‘Lie there, lie there, you false-hearted man,

Lie there instead of me;

Six pretty maids have you drowned here,

And the seventh has drowned thee.’

In some versions she returns home and a bird threatens to tell her parents what she’s done but she bribes it into silence. I’m not entirely sure why she feels like she needs to cover up the event. Perhaps she feels guilty or humiliated for allowing herself to be seduced.

This feels like the kind of ballad mothers would sing to their daughters as a warning not to let strange men beguile them. The amount of border balladry that concerns women outsmarting or simply outfighting predatory men surely speaks to the heavy contributions of women in general to this sort of music. It doesn’t seem like subject matter that would endure long in a purely masculine environment. It also speaks to the often grim realities of gender relations. Have things gotten better? I think so. Are the themes and power dynamics alien to our modern world? Definitively no.

My favorite rendition of this ballad is by Lisa Theriot. I would really encourage you to check out the links to other versions below, however. It was quite difficult to select a favorite this time.

One of the things I love most about this ballad is how you can see the pagan, supernatural elements get replaced by more realistic imagery over the centuries. The elf-knight enchanting maidens with a magic horn is replaced by a sinister though charming man. The maiden overcomes her would-be-murderer by songs or sleep charms in earlier versions and by clever thinking in more recent ones. And the ending with the sentient bird was usually left out by Victorian times. These changes, of course, reflect a changing worldview where spiritual forces were superseded as the governing order by mechanistic, natural laws.

Ballad Text

Internet Sacred Text Archive

My Favorite Recordings

Lisa Theriot – YouTube | Spotify

Danú – YouTube | Spotify

Carla Gover – YouTube | Spotify

Kate Rusby – YouTube | Spotify

Custer LaRue – YouTube | Spotify

Poor Old Horse – YouTube | Spotify

The Bold Pedlar and Robin Hood (132)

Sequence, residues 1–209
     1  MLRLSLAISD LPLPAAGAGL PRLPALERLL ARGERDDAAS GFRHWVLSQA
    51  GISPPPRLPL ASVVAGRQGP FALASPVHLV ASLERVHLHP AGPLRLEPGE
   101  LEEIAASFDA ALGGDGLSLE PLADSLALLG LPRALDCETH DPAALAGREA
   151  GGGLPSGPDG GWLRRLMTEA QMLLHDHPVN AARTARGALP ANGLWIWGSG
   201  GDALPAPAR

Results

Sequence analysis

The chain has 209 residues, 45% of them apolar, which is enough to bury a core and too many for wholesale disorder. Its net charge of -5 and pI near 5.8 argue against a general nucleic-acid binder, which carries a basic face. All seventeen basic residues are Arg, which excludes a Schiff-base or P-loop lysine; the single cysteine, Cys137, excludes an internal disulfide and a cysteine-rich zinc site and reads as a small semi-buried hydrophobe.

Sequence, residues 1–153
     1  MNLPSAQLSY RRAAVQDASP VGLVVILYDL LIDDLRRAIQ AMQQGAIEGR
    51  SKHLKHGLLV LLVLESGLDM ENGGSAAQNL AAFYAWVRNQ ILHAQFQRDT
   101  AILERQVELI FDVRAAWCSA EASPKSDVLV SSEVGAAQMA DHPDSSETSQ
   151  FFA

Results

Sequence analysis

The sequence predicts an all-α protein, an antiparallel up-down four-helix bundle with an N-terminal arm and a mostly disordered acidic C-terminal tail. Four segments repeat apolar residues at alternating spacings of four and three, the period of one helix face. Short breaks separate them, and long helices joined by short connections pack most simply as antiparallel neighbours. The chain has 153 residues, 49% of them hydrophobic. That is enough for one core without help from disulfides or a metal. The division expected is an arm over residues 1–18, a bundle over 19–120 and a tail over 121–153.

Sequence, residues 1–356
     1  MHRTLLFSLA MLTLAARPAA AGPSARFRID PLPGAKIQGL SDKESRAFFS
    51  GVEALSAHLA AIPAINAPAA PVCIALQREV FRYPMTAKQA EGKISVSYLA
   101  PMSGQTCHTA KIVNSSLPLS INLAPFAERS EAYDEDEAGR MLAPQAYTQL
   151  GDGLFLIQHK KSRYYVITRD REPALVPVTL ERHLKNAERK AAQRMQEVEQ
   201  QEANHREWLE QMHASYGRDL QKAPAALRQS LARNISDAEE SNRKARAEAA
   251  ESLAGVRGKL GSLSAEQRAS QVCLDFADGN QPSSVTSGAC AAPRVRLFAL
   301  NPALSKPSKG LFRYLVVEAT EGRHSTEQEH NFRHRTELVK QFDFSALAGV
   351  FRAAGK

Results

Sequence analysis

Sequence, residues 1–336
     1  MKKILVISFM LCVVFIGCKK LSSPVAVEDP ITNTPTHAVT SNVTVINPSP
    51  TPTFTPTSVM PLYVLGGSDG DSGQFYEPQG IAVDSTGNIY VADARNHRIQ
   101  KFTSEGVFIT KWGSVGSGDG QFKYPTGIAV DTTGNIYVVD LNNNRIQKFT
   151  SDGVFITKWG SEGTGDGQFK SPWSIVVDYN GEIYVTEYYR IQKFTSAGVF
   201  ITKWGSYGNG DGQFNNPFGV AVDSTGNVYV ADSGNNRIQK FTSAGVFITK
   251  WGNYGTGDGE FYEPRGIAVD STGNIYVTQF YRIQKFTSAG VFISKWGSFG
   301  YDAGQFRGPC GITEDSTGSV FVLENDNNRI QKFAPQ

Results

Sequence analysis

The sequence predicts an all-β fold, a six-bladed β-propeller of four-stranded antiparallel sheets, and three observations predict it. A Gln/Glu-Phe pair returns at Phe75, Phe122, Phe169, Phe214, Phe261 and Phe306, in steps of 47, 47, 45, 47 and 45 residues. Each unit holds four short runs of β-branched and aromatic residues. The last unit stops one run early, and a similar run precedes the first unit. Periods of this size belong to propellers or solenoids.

About one in ten of the Child Ballads feature the folk-hero Robin Hood. Stories of the outlaw have been enormously popular since the 15th century and if the rate of Robin Hood movies coming out of Hollywood are any indication – quality notwithstanding – he remains a beloved figure. Over time, he has been adapted and re-appropriated to represent many causes and fight many injustices. For instance, 20th century adaptations often show him fighting for an England where Norman and Saxon can live together in peace (seemingly a way to comment on modern race relations).

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My favorite of the Robin Hood movies – “The Adventures of Robin Hood” starring Errol Flynn

The earliest accounts we have available of the British folk-hero actually come from the ballads that Francis Child collected. In these stories, Robin Hood is closer to a petty outlaw than the nobleman-on-the-run he would become. He is identified specifically as a yeoman (commoner) and isn’t at all concerned with Richard the Lionheart being the rightful King. The ballads are mostly playful, exciting, and sometimes comedic – a tone that sets them apart from most of the other ballads.

“The Bold Pedlar and Robin Hood” is a brief tale about Robin and Little John encountering a peddler on the road and demanding he give up half his wares. Apparently these early incarnations were less concerned with robbing exclusively from the rich. The peddler proclaims he will grant them half his pack if they are able to move him from where he stands. Little John whips out his sword but the peddler beats him back. Robin then tries his luck but is defeated in turn.

Then Robin Hood he drew his sword,

And the pedlar by his pack did stand;

They fought till the blood in streams did flow,

Till he cried, Pedlar, pray hold your hand!

Robin asks for his name but the peddler, as the victor, refuses until they give him their names. Once satisfied, he reveals himself to be “Gamble Gold of the gay green woods” who has fled from his home for murder. Robin Hood recognizes him as his “mother’s sister’s son” (cousin), and they happily set off to an alehouse and drink the day away.